Heer

Sd.Kfz.232

The SdKfz-232 (Schwerer Panzerspähwagen) was a 6 wheeled armored car used by Germany in the early years of WWII. German armored cars were intended to fill the traditional cavalry role of reconnaissance and screening. They scouted ahead of mechanized units to assess enemy strength and location. Their primary role was to observe rather than fight enemy units, although they were expected to fight enemy reconnaissance elements when required. The 232 was based on 6x4 truck with a 155 hp eight cylinder Büssing-NAG L8V-G gas engine with a top speed of 53 mph and a range of 170 miles. The armored body provided 5 to 15 mm of armor proof against small arms fire and HE fragments. They first saw combat in the Polish campaign and later in the Battle of France. They also fought in North Africa and Russia but the harsh climate proved to be too much for them. The remaining 232s were withdrawn from the front and used for training and security duties. The SdKfz-232 was armed with a 20 mm KwK 30 L/55 auto cannon and a Maschinengewehr 13 7.92 mm machinegun. The 232 carried a Fu. Ger.11 SE 100 medium range radio and a Fu. Spr. Ger. "a" short range radio. It was distinguished by the heavy bedstead antenna over the body of the car. At the point where the antenna was connected to the turret a special joint was installed which supported the aerial but still allowed the turret a full 360° traverse.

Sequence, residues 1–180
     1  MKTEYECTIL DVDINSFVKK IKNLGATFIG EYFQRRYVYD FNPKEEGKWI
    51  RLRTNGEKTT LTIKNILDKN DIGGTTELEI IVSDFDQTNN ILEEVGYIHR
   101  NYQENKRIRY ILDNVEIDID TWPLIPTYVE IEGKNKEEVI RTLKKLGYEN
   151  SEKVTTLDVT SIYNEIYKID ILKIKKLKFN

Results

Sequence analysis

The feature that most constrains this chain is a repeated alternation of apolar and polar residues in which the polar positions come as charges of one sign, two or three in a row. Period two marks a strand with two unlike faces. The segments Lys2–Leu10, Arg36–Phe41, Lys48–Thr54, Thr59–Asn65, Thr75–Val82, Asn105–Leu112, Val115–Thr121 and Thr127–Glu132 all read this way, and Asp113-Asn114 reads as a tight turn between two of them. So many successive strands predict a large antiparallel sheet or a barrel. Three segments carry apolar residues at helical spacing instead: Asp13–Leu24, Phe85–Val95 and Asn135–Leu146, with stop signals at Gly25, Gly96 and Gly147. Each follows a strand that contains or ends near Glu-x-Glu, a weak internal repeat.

Sd.Kfz.232

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Jagdpanzer IV Lang